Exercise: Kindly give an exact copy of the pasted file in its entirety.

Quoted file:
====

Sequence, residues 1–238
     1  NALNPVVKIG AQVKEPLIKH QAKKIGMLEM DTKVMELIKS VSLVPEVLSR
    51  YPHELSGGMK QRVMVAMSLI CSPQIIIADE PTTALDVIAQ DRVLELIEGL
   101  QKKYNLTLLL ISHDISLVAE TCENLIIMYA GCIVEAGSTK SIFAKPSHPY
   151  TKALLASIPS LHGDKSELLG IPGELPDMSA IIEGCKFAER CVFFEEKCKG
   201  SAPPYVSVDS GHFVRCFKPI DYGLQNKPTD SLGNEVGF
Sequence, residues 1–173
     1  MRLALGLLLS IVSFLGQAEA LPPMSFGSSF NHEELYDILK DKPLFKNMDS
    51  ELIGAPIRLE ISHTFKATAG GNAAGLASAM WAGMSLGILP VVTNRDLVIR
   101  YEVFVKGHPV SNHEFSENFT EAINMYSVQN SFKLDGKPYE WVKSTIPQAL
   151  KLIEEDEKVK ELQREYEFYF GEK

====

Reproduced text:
Sequence, residues 1–238
     1  NALNPVVKIG AQVKEPLIKH QAKKIGMLEM DTKVMELIKS VSLVPEVLSR
    51  YPHELSGGMK QRVMVAMSLI CSPQIIIADE PTTALDVIAQ DRVLELIEGL
   101  QKKYNLTLLL ISHDISLVAE TCENLIIMYA GCIVEAGSTK SIFAKPSHPY
   151  TKALLASIPS LHGDKSELLG IPGELPDMSA IIEGCKFAER CVFFEEKCKG
   201  SAPPYVSVDS GHFVRCFKPI DYGLQNKPTD SLGNEVGF
Sequence, residues 1–173
     1  MRLALGLLLS IVSFLGQAEA LPPMSFGSSF NHEELYDILK DKPLFKNMDS
    51  ELIGAPIRLE ISHTFKATAG GNAAGLASAM WAGMSLGILP VVTNRDLVIR
   101  YEVFVKGHPV SNHEFSENFT EAINMYSVQN SFKLDGKPYE WVKSTIPQAL
   151  KLIEEDEKVK ELQREYEFYF GEK